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Cancel culture is no laughing matter: Comedy on the edge

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Global podcasting icon Joe Rogan’s new anti-cancel culture comedy club is creating a major buzz in the comedy world and far beyond. Since it opened in Austin, Texas, earlier this month, Comedy Mothership is already selling out shows, demonstrating that the venue’s dedication to feature previously canceled performers is attracting an audience of fans eager to embrace free expression.

But the fact that comics even have to worry about seeing their careers quashed by those who hold opposing views or take offense to their jokes is a worrisome development in America. From coast to coast and everywhere in between, legions of keyboard warriors are quick to anger, seeming to forget that comedy is about risk-taking and poking fun at others and ourselves.

Rogan — a stand-up comedian, actor, TV host, UFC commentator and one of the most popular podcasters on the planet — opened the fledgling club to provide “canceled” comedians a place to perform without fear of offending. So far, business is booming, with the club’s first show on March 7 selling out in mere minutes.

The club’s early talent roster includes comedians including Roseanne Barr, David Lucas, Ron White, Tim Dillon and Tony Hinchcliffe, who have sparked the ire of critics. 

Notably, Rogan himself is no stranger to cancel culture. He came under heavy fire in 2022 for a multitude of controversial takes, but weathered the movement to cancel his Spotify podcast. After addressing the controversy head-on and refusing to be canceled, his subscribership increased by over 2 million listeners.

Comedy has traditionally been a safe space for free expression. While comedians in generations past, from Lenny Bruce to Richard Pryor, sparked controversy with their outrageous antics and inflammatory language, today’s environment is markedly different, with humorists having to worry that an off-color jibe could prove career-ending. One of the things that has always set America apart is our willingness to entertain a range of opinions, perspectives, and views. The First Amendment has provided iron-clad protection for citizens, who possess the freedom not only to hold unpopular views, but to express them openly.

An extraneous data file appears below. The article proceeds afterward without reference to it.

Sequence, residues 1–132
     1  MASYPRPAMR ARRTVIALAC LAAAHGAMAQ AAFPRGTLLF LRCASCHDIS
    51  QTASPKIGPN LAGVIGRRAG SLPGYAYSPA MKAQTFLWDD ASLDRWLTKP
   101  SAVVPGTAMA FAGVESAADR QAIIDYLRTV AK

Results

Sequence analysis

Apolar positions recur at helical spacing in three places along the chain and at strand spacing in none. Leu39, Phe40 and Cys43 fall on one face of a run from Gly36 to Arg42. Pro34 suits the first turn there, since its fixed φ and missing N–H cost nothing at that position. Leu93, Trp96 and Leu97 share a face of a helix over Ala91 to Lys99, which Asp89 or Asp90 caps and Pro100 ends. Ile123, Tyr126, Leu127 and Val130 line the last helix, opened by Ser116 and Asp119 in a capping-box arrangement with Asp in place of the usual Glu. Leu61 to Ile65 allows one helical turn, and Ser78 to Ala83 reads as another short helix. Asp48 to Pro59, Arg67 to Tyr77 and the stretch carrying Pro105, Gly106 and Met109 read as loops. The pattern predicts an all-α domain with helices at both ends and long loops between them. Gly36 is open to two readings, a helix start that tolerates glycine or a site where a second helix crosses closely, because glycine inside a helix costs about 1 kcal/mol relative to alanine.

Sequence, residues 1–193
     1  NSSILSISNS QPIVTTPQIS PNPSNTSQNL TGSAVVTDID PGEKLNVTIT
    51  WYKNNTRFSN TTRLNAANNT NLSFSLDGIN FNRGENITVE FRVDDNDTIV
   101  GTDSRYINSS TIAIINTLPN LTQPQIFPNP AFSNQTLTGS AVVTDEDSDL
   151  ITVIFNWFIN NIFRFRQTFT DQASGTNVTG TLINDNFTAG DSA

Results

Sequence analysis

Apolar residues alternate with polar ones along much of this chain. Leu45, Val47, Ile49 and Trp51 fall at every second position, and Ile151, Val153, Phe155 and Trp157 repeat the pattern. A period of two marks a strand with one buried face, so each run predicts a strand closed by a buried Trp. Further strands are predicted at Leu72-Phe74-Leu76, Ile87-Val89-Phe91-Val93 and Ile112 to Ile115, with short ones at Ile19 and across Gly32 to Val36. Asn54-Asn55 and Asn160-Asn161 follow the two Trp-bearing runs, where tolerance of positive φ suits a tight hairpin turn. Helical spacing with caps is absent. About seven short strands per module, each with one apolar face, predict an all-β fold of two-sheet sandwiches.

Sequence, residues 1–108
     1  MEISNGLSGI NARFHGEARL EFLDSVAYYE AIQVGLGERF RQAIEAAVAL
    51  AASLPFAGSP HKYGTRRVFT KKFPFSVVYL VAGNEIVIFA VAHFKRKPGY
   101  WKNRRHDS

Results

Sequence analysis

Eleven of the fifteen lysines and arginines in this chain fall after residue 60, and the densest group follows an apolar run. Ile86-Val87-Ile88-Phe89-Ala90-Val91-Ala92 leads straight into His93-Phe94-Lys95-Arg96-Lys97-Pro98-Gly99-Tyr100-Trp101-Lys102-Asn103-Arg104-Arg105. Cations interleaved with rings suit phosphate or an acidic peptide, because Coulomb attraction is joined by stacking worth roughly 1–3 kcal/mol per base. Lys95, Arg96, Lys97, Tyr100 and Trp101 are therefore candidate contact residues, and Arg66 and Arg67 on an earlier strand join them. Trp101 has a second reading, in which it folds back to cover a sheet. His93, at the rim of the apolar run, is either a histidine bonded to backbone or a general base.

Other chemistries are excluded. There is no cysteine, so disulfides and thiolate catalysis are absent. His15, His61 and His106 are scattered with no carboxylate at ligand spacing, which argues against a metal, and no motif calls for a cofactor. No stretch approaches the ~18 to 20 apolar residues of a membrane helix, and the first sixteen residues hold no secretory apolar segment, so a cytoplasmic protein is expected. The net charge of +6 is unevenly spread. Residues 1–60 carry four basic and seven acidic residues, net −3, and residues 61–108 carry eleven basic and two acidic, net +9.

Comedian Chris Rock’s recent Netflix special “Selective Outrage” highlighted the fickle nature of audiences today, who are selectively angered by some perceived injustices, while turning a blind eye to others. Rock recently opined that fear of being criticized has led to a rash of “unfunny” comedians and “unfunny” content across TV and film.

“Everybody’s scared to make a move,” Rock said during an appearance on The Breakfast Club radio show.

Other comics — including Roseanne Barr, who was canceled in 2018 after she posted a tweet considered virulently racist — have attempted to cast off their pariah status after being de-platformed. Barr stepped back into the spotlight in February with a brash comedy special “Roseanne Barr: Cancel This!” and has been going strong ever since.

Comic Dave Chappelle is another example of a controversial comedian who has fought back in the face of scorching criticism. Netflix stood behind him despite his being labeled transphobic and facing efforts to have his comedy series yanked from the popular streaming service.

Comedians are in a different situation than most other celebrities when it comes to provoking anger and cancel culture attempts. The art of comedy often relies heavily on being edgy. In fact, controversy has been the bread and butter of comedy for decades. And that outrageousness and exposure of society’s foibles is a big part of what makes comedy funny. As Rock warned, remove controversy and fearlessness from comedy and the acts will fall flat.

Picking and choosing what to be angry about and whom to silence because you disagree with their variety of humor is a slippery slope.

Free speech and artistic expression have, for generations, produced creative content that has placed America at the center of global culture. While the cancel culture crowd has created fear in recent years, it may prove to be Rogan and his comedic counterparts who have the last laugh.

Evan Nierman is CEO of crisis PR firm Red Banyan and author of the forthcoming book: The Cancel Culture Curse: From Rage to Redemption in a World Gone Mad.

Tags Cancel culture Chris Rock Comedy Dave Chappelle Freedom of speech Humor Joe Rogan political comedy Political correctness Roseanne Barr Stand-up comedy

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